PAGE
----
It’s the start of a new year and many of us are probably trying to implement healthy lifestyle changes into our regular routine. However, the cold weather and the ongoing COVID-19 pandemic keeping us at home and inside makes exercise difficult for many people. Here are some exercises you can do at home with little to no equipment.
Incline or countertop pushups. This exercise targets the main muscles in your chest but doesn’t put the same stress on your elbows and reduces the body weight you are lifting in a traditional pushup. All you need is a stable surface like a wall, table, or countertop. Put your hands on the surface and do your pushups like you would if you were on the floor.
Bicep curls. These exercises will work the bicep muscles at the front of your upper arms as well as the muscles in your lower arms. These can be done with weights or your can use canned food from your cupboards. If you’re looking at getting some free weights, select ones that you can life ten times with good form. If you’re a beginner, five to ten pounds per weight is a good starting point. You’ll use these weights for the next three upper body exercises.
- Stand tall with your feet hip-width apart and your abdominal muscles engaged.
- Hold one weight in each hand and relax your arms at your sides with palms facing forward.
- Bend your arm at the elbow and lift the weights towards your shoulders. Keep your elbows tucked close to your ribs and exhale as you lift.
- Lower your weights to the starting position. Try doing three sets of 8-10 reps, resting between each set.
Lateral arm raises. This exercise will focus on your deltoid muscles.
- Stand in the same position as you started your bicep curls in but with your palms toward your body.
- Raise your arms out on each side a couple inches and hold for a few seconds.
- Raise your arms more, keeping your arms completely straight, and stopping when your elbow reach shoulder-height and your body forms a “T.” Hold this for a few seconds.
- Slowly lower your weights (about two times as slow as when you lifted them), breathing out as you lower them.
Bent over rows. This will target the muscles in your upper and middle back.
- With a weight in each hand, bend forward at a 45-degree angle. Keep your back straight, brace your abdominal muscles, and breathe in.
- Lift both weights straight up while breathing out. Your arms shouldn’t go higher than your shoulders. Try to keep your wrists from moving too much and don’t squat as you lift.
- Lower the weights slowly while inhaling.
- Don’t stand up in between reps.
Overhead press. This exercise works on strength throughout your shoulders.
- Stand up straight, fee shoulder-width apart, and with a straight back.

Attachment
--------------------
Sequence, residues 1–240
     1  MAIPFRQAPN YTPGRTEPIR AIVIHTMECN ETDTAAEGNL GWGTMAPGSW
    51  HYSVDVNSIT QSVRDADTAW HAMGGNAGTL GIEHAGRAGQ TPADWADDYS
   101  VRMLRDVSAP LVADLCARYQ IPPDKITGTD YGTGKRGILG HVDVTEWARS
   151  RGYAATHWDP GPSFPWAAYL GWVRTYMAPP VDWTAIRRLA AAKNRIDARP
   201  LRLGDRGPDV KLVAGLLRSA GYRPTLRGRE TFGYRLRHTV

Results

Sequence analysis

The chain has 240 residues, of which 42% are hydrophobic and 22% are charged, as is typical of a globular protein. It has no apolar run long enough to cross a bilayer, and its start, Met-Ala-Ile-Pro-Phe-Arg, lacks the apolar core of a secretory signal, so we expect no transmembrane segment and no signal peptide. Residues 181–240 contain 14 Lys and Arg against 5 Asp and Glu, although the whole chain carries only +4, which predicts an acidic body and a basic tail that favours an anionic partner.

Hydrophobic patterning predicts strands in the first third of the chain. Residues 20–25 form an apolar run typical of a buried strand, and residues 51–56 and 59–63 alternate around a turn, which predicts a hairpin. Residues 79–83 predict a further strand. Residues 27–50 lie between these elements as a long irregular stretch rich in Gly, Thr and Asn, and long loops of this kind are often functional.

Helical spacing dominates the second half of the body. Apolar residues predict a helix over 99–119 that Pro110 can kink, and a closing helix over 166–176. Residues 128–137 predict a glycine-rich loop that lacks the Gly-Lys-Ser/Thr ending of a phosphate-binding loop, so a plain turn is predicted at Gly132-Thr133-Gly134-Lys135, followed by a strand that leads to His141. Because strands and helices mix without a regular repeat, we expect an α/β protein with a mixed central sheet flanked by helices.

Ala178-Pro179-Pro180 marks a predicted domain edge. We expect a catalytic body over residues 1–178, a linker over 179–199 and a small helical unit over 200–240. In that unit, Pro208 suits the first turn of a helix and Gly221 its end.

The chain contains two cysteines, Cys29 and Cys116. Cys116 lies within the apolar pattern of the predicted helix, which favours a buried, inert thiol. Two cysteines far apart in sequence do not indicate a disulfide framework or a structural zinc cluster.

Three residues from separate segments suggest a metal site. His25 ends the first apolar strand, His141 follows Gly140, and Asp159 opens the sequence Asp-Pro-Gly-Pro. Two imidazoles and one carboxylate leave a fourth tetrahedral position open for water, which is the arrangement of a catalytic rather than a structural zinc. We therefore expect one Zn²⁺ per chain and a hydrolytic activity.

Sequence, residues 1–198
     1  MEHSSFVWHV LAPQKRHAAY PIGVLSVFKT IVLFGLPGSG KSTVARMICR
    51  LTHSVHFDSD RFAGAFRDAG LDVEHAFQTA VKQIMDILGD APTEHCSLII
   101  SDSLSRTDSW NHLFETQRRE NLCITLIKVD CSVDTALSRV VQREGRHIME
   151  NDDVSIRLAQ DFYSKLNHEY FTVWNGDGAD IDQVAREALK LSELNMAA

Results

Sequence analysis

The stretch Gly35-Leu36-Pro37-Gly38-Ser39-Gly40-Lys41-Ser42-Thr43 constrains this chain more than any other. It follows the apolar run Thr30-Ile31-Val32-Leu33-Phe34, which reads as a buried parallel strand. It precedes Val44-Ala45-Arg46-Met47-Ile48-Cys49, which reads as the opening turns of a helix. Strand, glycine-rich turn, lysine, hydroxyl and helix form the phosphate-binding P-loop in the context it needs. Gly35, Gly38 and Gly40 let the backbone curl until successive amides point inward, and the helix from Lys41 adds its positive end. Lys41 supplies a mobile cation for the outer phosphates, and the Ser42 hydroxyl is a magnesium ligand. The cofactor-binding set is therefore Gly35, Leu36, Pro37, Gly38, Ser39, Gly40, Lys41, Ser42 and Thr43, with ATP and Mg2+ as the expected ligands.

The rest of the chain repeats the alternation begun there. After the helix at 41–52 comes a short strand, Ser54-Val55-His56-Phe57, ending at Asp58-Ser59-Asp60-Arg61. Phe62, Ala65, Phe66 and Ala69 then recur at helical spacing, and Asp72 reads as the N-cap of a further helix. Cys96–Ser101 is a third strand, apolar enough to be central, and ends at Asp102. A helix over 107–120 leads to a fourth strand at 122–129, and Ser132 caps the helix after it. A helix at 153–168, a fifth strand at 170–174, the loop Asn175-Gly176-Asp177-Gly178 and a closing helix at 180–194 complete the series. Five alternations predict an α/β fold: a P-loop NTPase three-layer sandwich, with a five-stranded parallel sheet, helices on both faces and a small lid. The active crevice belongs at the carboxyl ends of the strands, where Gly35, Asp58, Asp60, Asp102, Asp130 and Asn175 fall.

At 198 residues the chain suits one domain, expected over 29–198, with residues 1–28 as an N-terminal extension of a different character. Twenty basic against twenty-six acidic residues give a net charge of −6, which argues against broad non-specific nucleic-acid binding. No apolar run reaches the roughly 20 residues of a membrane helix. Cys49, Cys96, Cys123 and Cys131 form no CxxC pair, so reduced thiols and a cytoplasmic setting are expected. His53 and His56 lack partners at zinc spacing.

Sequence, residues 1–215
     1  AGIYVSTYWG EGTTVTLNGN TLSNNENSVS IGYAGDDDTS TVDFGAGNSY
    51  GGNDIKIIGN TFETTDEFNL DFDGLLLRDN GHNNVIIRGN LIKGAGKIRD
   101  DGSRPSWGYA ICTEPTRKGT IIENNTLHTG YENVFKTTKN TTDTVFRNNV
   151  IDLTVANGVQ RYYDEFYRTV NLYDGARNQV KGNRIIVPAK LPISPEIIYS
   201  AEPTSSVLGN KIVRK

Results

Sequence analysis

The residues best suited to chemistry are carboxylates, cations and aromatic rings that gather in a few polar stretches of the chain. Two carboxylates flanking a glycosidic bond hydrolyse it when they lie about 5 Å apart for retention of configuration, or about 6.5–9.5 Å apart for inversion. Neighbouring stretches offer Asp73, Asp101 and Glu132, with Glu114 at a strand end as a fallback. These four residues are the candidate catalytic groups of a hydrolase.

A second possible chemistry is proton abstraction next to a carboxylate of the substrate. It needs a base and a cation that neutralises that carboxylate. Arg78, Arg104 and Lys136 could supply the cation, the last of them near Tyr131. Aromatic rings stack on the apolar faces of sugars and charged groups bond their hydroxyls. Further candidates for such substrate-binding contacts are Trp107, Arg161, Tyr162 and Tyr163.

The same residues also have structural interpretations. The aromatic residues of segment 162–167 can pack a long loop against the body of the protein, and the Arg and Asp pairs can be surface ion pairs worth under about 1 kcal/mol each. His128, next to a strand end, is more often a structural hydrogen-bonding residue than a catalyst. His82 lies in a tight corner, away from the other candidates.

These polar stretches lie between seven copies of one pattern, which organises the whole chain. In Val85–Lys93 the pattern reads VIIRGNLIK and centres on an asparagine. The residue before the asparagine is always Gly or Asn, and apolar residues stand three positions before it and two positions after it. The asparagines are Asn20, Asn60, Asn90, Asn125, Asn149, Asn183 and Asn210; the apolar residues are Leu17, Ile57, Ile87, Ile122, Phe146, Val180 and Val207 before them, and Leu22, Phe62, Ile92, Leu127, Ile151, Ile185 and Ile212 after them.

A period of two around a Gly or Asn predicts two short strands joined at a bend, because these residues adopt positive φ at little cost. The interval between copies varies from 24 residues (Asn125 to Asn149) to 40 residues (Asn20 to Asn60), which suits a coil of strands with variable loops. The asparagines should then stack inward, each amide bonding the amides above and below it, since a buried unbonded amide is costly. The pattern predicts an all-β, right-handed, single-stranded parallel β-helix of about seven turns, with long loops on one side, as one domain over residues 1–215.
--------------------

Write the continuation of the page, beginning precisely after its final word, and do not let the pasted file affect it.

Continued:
- Hold your weights at your shoulders with your thumbs towards your body and your knuckles facing up.
- Raise your weights slowly above your head while breathing out and hold above your head.
- Return your weights to your shoulders while breathing in.
Body weight squats. Squats strengthen every muscle in your lower body. Stand straight up and bend your knees like you’re sitting in a chair. Stand back up and repeat 8-10 times. Avoid knee pain from squats by keeping the weight on your heels and your knees behind your toes.
Backward lunges holding on to a chair. Lunges help stretch tight hip flexors and work your entire lower body. Place a chair backwards in front of you for this exercise to grab on to and help you maintain balance.
- Stand up with your legs parallel.
- Hold on to your chair if needed, bend your right knee, and step your left leg straight back onto the ball of your foot, as far as you are comfortable.
- Straighten your back leg but don’t lock your knee. Hold the stretch for 30 seconds, breathing deeply.
- Bring your back leg forward and return to the standing position. Repeat on the opposite side.
Calf raises. These will stretch and strengthen the muscles in you lower legs. Keep your feet shoulder-width apart, slowly raise your heels keeping your knees straight but not locked and pause for one second before lowering your heels back down. Repeat 10-30 times.
Planks. This will work your core muscles. Find a place on the floor that you can extend your full body. Use an exercise mat or a couple folded towels for padding under your hands/arms and feet/knees. Lay on your stomach with your forearms and toes on the floor. Your elbows should be directly under your shoulders. Engage your abdominal muscles and pull your belly button toward your spine. You can be up either on your toes or your knees. Avoid arching your back, letting your hips sag, or tilting your head up. Your torso should be straight and rigid, forming a straight line from your ears to your toes (or to your tailbone if you are doing a modified version on your knees). Hold this position for ten seconds to start and as time goes on, work up to 30, 45, and 60 seconds.
With any new exercise routine, it’s important to start slowly and cautiously to avoid injury. If you are exercising for the first time, you may even want to consult your doctor to discuss what they might recommend for you.
Jeri Inmon, PT is a rehabilitation manger at Fisher-Titus. Fisher-Titus Rehabilitation offers Clinical Personal Training at the Walcher Rehabilitation Center Gym. Sessions are $35 for one hour. Call 419-660-2700 to schedule.